592 American troops have been killed in Afghanistan since Obama announced the surge in December 2009. But casualties of war are only important to the left when they happen under a GOP president.
During the height of the Iraq war, the U.S. media paid close attention to troop deaths and fatalities, often making casualties among American soldiers leading stories in newspapers and on the airwaves. But since Obama has been in office, the American press has essentially withdrawn from covering the war in Afghanistan, with the Pew Center finding that the media only devoted four percent of its coverage to the war during 2010.
As troops deaths fail to be reported in the major media, icasualties.org continues to track the deaths among American and coalition forces in both Iraq and Afghanistan. According to its well-sourced data, 592 American soldiers have fallen in battle in Afghanistan since President Obama announced the surge of American troops in that country on December 1, 2009.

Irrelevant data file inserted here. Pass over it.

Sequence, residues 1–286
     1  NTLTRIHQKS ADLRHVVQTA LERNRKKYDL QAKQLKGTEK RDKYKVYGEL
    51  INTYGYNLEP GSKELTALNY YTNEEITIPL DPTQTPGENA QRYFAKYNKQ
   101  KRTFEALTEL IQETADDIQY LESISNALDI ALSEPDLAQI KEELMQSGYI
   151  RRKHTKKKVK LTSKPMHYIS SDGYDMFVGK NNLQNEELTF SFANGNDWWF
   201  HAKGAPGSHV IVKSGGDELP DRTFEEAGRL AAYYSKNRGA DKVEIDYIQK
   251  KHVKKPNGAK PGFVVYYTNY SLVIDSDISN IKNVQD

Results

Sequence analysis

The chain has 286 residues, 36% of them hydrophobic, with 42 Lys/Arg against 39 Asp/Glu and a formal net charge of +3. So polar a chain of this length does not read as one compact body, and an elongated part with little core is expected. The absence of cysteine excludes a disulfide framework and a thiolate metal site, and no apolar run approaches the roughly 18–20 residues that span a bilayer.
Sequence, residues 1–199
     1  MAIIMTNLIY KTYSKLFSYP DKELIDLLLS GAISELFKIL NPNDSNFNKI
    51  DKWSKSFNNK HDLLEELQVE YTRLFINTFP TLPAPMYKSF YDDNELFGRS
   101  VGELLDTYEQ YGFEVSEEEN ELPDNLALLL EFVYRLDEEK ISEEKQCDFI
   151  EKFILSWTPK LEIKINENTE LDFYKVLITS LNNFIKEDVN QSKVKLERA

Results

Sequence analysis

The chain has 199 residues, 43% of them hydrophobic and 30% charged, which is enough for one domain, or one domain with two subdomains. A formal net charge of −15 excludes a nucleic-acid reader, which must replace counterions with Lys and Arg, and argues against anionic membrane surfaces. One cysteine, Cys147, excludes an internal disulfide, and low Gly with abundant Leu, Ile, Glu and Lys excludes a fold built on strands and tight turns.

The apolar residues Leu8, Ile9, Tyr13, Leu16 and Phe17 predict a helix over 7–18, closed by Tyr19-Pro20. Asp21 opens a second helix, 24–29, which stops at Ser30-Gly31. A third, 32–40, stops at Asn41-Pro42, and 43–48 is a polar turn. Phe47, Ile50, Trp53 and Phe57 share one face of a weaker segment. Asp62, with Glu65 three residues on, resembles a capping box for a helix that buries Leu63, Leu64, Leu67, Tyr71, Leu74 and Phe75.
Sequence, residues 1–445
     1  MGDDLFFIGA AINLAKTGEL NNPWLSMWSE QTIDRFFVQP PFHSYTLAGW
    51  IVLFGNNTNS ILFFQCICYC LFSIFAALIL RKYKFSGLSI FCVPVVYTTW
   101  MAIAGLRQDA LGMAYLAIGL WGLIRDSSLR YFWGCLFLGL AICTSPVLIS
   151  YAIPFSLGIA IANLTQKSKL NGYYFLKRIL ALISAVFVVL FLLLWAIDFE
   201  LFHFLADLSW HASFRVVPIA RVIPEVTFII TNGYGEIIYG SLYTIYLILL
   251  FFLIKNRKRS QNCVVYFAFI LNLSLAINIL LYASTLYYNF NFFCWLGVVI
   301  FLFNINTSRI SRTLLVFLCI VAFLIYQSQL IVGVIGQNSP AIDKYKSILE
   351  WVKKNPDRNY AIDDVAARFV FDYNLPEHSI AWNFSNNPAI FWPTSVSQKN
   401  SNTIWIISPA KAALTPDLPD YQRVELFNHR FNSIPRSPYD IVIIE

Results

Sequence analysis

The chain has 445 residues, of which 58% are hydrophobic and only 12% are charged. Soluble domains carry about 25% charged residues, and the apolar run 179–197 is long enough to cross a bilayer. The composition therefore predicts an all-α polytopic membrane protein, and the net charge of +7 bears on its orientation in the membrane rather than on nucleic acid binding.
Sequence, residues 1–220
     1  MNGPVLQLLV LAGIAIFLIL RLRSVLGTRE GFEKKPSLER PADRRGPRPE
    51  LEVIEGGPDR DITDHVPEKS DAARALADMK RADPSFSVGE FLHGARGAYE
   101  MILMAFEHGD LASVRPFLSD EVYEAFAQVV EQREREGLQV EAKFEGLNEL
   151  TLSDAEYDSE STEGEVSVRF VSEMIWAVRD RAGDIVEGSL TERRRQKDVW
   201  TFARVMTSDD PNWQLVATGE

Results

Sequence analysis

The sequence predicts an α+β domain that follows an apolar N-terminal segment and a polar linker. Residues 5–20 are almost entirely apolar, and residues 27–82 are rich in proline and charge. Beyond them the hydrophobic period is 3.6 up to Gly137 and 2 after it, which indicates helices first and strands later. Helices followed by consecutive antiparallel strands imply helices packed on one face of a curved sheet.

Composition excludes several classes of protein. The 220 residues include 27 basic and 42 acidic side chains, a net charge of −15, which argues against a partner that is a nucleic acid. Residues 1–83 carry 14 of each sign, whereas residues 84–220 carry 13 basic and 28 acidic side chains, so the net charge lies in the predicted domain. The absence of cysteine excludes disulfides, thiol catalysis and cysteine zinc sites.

As the media has withdrawn from covering the war, the stories of these soldiers remain largely untold. One group in the media that has been reporting about war deaths has been local media, focusing on casualties among soldiers in the surrounding communities. A local Rhode Island news station covered the death of Dennis Poulin, who died Thursday in a German hospital from injuries he sustained in Afghanistan. Poulin was scheduled for a visit with his family within just a couple of weeks, and he leaves behind a wife and a five year old son.
A number of veterans and support organizations exist where Americans can donate time and money to support our men and women risking their lives. The USO and IAVA both welcome your support and goodwill. ThinkProgress